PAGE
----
Sunday, October 1

The Man In The Grey Suit

People (such as me) will often say that your chance of being killed by a shark is very low (lower than the odds of getting killed by bees, for example). However, as my housemate Jay pointed out to me, most people don't make a habit of night surfing alone in the so-called Red Triangle - a zone centered around the Farallon Islands where about half of the world's great white shark attacks have occurred.

Although it can be spooky, the night sufing doesn't worry me so much. Great whites hunt by day using vision (they look for seal shaped silhouettes on the surface - which is somewhat unfortunate because, from below, surfboards can resemble seals). Apart the opening scene from Jaws, there is one recorded night-time great white attack. (Of course, that is largely explained by the lack of humans in the water at night - but I'm sticking with my day time feeding theory.)

Rather than night surfing, it is surfing at Waddell Creek that I find scary. Waddell Creek is right by the Ano Nuevo seal colony and has had a handful of attacks over the years. I surfed there last Saturday. I was surfing about 50 yards north of the parking lot, sitting in a crowd of about 8 surfers when three large seals suddenly leapt out of the water directly in front of us. I was thinking to myself: 'Is that ordinary seal behavior?' The next Tuesday, the following report was filed on Surfline:

Shark Alert: On September 26, 2006 ‘Doc’ Rivera was filming his friend, ‘Beak’ and another unidentified surfer on a longboard, from the beach at Waddell Creek about 50 yards north of ‘The Warden’ sign at the North end of the parking lot. It was 11:30 AM and ‘Beak’ had been in the water about one hour. There was an overcast sky and a brisk wind. Air and water temperatures were in the low 60s and 50s Fahrenheit respectively. The ocean floor was primarily sand and 3 – 5 feet deep with a 3 – 5 foot shore break. . . . . Rivera recalled; “’Beak’ had just taken a wave on a larger set, the ocean/waves had just gone slack, when the back of a large White Shark appeared at the surface chasing a seal. The shark’s tail sprayed and splashed water as it chased the seal through the shallows. Its dorsal fin was 16 – 20 inches high with the shark a dark grey and 13 – 14 feet in length. I was amazed at the amount of water the shark displaced while chasing the seal. This lasted about 10 – 15 seconds. ‘Beak’ got out of the water and 20 – 30 seconds later a second seal, larger than the first, hurled itself through the air near the longboarder. The seal surfaced next to the longboarder as if it was huddling up next to him half in and out of the water. The longboarder was outside in the flatspell post the set. The longboarder then promptly left the water on the next wave set. His words upon leaving the water were; ‘That was @#$&ING Scary!!!!!!’ ‘Beak’ and I returned about 2 hours later to see another seal around county line swimming and jumping erratically toward the beach (very odd behavior) this went on for about a minute then the seal was gone. The birds were outside feasting on an obvious oily slick that was not a bait ball.”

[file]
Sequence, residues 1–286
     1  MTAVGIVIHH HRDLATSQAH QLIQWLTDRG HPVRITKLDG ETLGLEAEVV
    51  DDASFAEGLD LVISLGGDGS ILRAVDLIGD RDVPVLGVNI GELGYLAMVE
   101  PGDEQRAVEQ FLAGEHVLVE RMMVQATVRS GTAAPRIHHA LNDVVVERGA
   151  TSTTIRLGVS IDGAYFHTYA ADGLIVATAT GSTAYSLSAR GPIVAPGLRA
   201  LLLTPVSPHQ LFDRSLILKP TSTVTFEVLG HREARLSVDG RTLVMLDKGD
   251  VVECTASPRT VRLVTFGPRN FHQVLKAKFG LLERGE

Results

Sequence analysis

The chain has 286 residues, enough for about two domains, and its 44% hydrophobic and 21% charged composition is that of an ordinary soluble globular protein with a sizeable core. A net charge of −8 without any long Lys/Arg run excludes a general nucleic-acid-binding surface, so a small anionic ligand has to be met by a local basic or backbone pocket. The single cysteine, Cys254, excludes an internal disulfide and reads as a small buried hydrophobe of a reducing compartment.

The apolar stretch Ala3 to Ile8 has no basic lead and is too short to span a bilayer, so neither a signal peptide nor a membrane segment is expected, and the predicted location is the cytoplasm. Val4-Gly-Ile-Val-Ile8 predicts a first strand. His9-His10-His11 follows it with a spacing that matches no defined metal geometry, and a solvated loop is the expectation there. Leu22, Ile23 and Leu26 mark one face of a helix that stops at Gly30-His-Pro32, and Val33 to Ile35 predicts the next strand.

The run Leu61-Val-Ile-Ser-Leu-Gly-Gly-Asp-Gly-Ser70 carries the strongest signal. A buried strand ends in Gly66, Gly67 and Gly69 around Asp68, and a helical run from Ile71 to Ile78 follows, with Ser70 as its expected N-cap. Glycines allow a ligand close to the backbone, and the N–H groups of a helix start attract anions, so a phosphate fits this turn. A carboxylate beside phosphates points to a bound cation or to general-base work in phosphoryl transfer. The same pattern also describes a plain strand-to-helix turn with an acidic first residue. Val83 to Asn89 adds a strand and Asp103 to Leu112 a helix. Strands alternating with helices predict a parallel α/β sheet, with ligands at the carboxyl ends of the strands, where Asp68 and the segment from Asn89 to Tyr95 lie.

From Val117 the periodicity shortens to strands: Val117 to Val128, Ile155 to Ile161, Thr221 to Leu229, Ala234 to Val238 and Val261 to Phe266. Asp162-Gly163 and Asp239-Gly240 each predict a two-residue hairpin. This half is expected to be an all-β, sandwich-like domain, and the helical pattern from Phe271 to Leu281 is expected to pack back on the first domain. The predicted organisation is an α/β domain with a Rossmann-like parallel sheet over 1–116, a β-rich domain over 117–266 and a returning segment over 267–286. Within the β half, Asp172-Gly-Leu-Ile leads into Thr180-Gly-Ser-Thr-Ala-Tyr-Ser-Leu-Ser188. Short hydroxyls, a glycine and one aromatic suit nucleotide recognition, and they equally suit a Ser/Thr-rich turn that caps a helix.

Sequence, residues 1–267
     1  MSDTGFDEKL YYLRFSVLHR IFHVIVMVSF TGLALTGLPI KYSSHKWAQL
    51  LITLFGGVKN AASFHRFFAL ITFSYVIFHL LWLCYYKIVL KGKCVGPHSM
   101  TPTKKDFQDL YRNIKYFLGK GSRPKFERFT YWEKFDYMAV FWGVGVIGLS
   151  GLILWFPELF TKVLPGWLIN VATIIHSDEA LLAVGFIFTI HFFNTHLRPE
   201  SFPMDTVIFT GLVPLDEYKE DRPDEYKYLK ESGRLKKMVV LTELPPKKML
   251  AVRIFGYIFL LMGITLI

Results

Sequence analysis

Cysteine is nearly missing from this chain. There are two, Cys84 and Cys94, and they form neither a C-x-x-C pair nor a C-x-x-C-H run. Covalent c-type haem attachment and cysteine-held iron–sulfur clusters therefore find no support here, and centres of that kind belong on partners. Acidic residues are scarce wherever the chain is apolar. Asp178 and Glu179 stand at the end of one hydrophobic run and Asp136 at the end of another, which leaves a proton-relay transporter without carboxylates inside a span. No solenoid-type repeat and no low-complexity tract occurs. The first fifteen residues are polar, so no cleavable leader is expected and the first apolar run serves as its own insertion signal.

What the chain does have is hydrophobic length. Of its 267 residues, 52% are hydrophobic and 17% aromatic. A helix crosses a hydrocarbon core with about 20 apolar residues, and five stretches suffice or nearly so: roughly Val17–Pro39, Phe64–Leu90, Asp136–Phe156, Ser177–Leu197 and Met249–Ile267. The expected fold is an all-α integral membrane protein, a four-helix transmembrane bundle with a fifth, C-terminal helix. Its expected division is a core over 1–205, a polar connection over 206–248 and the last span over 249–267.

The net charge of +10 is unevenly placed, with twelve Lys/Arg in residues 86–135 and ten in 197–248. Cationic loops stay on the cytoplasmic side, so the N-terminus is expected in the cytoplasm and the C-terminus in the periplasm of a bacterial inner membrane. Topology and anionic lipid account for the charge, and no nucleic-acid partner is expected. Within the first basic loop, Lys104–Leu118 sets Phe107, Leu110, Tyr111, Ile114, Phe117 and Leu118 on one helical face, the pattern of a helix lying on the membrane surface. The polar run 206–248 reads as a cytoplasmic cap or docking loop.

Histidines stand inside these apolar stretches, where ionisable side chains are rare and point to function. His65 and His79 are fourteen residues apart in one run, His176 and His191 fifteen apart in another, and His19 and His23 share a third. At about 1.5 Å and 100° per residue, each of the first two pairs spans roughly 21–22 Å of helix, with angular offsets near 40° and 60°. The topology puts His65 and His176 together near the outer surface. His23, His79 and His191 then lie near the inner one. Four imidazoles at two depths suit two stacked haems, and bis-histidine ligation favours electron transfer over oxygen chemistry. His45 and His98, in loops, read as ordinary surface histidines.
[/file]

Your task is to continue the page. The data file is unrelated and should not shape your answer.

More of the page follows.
So, that was the exact same spot three days later. I probably won't be surfing Waddell Creek very often; as Surfline explains, it's an "Industrial Strength" surfspot and I got totally hammered there. I'll head back if it it's nearly flat here in Santa Cruz though. It's a beautiful beach.


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